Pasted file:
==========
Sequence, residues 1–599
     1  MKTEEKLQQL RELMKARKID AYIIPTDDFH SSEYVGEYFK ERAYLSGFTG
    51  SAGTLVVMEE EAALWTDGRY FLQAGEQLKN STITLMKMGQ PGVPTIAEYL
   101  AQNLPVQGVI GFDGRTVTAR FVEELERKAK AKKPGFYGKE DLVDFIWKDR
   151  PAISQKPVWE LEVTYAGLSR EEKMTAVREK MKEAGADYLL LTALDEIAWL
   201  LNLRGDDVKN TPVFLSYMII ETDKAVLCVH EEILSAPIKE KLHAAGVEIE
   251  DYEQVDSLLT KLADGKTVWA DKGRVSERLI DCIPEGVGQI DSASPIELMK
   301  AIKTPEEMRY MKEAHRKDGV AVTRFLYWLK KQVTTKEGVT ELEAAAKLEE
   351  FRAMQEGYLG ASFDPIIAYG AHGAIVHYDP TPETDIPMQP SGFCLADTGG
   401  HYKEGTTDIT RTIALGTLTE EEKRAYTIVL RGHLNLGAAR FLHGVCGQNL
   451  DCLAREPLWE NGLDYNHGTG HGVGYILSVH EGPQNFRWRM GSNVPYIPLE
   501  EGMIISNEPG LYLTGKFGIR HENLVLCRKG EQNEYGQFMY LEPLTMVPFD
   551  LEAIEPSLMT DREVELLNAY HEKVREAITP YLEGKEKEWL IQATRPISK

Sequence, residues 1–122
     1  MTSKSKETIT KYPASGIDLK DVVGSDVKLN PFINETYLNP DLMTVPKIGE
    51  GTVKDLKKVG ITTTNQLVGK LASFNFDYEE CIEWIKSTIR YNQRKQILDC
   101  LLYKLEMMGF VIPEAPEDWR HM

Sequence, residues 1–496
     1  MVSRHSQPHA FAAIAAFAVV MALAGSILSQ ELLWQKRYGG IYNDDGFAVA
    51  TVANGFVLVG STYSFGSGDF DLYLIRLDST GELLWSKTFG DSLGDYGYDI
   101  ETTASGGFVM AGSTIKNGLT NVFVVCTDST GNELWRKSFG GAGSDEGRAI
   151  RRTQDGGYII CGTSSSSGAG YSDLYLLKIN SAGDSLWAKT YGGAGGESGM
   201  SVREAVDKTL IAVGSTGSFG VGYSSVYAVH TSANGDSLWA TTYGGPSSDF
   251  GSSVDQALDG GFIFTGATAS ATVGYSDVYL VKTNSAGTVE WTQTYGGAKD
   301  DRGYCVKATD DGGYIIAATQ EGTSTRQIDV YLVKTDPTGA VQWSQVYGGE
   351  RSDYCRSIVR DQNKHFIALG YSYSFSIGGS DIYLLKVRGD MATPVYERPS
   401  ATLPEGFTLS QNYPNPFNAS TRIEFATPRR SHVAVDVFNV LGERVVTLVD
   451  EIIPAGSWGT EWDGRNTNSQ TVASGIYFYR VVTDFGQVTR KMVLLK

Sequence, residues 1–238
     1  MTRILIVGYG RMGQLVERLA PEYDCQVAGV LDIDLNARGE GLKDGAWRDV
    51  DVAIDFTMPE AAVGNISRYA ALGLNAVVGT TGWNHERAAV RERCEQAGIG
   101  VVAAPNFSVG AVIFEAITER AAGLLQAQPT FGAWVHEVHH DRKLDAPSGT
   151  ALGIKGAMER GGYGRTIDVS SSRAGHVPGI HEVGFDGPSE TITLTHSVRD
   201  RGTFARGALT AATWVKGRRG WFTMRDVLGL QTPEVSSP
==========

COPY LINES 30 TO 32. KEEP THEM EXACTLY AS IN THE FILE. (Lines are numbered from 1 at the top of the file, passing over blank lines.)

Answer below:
     1  MTRILIVGYG RMGQLVERLA PEYDCQVAGV LDIDLNARGE GLKDGAWRDV
    51  DVAIDFTMPE AAVGNISRYA ALGLNAVVGT TGWNHERAAV RERCEQAGIG
   101  VVAAPNFSVG AVIFEAITER AAGLLQAQPT FGAWVHEVHH DRKLDAPSGT